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AgnostoLibertarianTechnoGeek

Friday, December 10, 2004

SpaceShip Zero

From Yahoo News -- ISS Crew Counts Calories as Food Supply Runs Low:
With food stores running low, the two astronauts living aboard the International Space Station (ISS) are cutting back their meal intake and awaiting a critical cargo delivery expected to arrive on Dec. 25.

Yes, we should leave space exploration to the government. That makes the most sense.

5 Comments:

  • Nicely put!

    By Blogger Marybeth, at 11:37 PM  

  • Good one. I'm so surprised- not.

    Ruth
    Freudian Slippers

    By Anonymous Anonymous, at 12:38 AM  

  • Sorry to burst into the Liberatian bubble world here, but I've worked for both government and business (both ma and pa operations and the huge mega-corp), and in my experience, the latter is no more competant or better organized the former - plus the fact that business tends have little or no respect for its employees and no accountability to the public (other than profit for the shareholders).

    If the the ISS was privately run, I have the feeling that the astonauts would still be rationing food, but in this case it would be because management had decided that they could sustain current productivity levels on one meal a day, perhaps even instituting "food for work" program (and meanwhile, reallocating the food budget to payments on that executive condo in the Bahamas...).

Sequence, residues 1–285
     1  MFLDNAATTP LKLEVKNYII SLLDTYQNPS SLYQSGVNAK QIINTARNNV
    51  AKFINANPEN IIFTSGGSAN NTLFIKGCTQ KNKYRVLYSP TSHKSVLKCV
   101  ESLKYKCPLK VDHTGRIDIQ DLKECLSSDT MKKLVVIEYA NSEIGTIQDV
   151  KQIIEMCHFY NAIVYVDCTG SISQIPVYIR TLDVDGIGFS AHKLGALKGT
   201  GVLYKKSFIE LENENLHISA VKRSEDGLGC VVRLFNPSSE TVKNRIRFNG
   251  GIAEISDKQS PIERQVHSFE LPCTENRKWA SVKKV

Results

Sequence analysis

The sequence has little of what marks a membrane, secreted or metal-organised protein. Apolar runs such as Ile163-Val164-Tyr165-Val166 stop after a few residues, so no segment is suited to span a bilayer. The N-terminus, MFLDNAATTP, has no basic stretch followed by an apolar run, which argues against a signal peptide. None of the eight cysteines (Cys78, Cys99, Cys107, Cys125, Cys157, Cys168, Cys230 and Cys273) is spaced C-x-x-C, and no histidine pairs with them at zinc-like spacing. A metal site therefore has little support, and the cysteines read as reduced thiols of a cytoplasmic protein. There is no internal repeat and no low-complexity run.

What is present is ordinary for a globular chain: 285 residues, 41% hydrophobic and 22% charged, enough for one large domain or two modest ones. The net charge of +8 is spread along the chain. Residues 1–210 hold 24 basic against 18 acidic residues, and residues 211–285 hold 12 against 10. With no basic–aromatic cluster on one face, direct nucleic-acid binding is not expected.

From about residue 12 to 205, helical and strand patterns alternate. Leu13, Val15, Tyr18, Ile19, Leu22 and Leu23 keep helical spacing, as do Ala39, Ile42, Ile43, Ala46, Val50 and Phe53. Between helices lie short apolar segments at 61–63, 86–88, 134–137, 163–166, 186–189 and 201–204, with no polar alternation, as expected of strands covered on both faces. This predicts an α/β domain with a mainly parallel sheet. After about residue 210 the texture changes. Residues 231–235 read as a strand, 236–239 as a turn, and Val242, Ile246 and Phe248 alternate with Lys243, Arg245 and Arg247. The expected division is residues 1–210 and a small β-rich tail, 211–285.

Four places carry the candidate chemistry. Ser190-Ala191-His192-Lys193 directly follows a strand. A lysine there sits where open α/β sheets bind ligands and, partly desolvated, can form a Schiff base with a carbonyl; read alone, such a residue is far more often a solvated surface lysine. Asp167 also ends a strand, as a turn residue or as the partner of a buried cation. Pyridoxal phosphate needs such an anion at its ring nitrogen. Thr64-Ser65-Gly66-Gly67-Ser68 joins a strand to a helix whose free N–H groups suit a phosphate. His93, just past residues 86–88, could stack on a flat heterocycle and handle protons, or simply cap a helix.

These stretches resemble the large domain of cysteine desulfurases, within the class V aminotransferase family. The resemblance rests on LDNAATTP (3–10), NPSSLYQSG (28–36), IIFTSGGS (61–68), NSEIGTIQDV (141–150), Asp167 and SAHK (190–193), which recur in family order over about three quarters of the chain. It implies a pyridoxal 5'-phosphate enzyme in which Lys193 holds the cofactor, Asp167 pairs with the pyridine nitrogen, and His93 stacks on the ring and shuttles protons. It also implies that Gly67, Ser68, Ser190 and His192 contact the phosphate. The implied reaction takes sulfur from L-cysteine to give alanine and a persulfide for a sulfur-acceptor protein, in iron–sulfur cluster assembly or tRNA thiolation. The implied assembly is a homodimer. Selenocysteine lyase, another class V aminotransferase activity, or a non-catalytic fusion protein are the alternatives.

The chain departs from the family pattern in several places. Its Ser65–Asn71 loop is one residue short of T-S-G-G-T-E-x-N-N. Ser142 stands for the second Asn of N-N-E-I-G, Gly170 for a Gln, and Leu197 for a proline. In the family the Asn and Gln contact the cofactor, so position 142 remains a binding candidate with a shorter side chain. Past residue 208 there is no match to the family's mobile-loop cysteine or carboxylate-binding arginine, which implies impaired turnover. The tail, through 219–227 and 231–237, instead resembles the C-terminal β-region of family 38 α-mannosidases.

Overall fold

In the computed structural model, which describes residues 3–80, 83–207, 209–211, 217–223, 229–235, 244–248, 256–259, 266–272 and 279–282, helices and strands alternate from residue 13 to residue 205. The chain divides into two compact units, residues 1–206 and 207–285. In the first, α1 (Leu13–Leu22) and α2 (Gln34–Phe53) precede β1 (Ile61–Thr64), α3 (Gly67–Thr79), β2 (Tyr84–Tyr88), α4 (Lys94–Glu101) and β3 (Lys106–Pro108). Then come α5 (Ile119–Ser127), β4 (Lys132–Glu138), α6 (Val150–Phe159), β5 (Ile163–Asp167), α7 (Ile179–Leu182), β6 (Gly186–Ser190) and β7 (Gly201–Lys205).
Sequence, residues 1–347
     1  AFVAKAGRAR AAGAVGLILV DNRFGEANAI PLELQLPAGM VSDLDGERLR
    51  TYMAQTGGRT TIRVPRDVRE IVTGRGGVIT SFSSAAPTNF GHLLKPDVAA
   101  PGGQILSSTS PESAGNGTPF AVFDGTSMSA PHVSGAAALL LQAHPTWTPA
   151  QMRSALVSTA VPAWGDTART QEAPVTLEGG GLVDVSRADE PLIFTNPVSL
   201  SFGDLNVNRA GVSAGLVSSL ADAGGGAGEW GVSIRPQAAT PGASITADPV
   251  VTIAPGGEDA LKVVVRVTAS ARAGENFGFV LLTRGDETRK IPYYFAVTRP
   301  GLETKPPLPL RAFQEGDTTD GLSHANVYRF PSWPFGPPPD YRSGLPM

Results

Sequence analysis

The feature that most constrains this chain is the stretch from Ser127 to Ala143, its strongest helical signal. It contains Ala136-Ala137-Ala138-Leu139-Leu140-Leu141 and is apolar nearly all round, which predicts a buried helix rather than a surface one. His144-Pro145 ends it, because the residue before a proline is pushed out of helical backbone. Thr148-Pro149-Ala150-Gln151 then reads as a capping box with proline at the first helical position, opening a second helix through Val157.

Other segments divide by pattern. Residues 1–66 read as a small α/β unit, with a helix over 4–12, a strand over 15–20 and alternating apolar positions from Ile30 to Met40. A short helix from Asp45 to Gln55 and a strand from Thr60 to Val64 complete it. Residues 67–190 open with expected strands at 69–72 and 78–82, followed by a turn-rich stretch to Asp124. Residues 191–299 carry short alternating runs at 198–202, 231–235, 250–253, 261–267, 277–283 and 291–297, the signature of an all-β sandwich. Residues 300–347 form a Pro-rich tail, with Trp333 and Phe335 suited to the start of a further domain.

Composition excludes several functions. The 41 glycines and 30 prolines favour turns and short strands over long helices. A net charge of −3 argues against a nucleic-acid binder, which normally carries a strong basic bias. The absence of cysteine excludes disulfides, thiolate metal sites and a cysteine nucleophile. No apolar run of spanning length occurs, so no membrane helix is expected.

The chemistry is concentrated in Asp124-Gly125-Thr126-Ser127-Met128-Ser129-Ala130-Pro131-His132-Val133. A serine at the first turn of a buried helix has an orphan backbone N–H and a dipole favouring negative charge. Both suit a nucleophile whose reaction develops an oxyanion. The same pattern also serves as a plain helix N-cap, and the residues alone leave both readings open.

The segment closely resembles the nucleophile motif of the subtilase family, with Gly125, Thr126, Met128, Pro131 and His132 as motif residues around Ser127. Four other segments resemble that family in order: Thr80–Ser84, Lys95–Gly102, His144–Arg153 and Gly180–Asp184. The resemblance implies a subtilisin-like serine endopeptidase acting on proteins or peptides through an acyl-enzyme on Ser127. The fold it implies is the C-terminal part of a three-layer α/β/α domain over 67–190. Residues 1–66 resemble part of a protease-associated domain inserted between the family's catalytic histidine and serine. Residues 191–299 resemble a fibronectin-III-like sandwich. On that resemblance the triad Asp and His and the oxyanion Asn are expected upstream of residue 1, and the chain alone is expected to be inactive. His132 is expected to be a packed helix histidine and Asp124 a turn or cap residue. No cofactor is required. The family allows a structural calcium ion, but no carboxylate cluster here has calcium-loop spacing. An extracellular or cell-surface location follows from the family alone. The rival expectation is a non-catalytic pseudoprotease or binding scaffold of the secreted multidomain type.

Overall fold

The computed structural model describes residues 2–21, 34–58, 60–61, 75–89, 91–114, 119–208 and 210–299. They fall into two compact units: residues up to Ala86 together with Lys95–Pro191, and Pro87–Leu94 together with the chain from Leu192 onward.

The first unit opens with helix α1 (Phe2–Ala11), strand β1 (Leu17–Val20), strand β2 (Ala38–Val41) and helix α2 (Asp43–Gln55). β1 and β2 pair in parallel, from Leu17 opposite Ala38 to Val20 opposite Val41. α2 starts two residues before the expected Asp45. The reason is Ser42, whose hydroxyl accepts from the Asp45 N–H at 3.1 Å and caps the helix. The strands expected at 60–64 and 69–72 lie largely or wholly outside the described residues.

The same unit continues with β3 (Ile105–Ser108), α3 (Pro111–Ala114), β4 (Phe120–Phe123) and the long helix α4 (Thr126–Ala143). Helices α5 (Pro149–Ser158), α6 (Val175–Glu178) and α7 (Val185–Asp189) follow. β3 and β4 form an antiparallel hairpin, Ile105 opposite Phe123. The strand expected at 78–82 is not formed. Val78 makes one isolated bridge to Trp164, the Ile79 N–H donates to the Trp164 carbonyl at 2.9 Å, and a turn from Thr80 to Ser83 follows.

By Blogger Mocka Con, at 5:58 PM  

  • Daldude, you miss the critical point that privately run organizations have the punishment of the market to bear if they do not do well. If a company does not meet the desires of its customers, it will not make money, and it will go out of business. If a government agency does a poor job, it gets more money. If a company pays its employees too little money, it gets very poor quality employees, and the quality of its output goes down, and customers don't pay as much for the company's wares. Therefore a company has an incentive to pay its employees as much as it needs to in order to maximize its revenues and profits. Government programs have no such incentives.

    By Blogger David, at 8:05 PM  

  • David,

    That "punishment of the market" theory only works when the market (i.e. the public) is aware of potential malfeasance, and when there are true alternatives to choose from. Enron is a prime example. That fiasco occurred under what you would no doubt consider overly-regulated system. Imagine what might have happened had there been no government oversight at all.

    And as far as the scenario where "a company pays its employees too little money, it gets very poor quality employees, and the quality of its output goes down, and customers don't pay as much for the company's wares", that approach seems to have worked pretty well for Walmart. Not sure that I'd want Walmart running my space station, though.

    Maybe I'm a dreamer, but I'd like to think that Mankind can be motivated by interests other than mere profit. Should our only purpose for exploring space be to make a buck? That would be the end result if we privatized everything. All human endeavors would be reduced to profit/loss equations. Would you have preferred Armstrong's famous quote to be "One small step for man, one giant acquisition for Amalgamated Lunar Mining Corporation"?

    By Blogger Mocka Con, at 1:09 PM  

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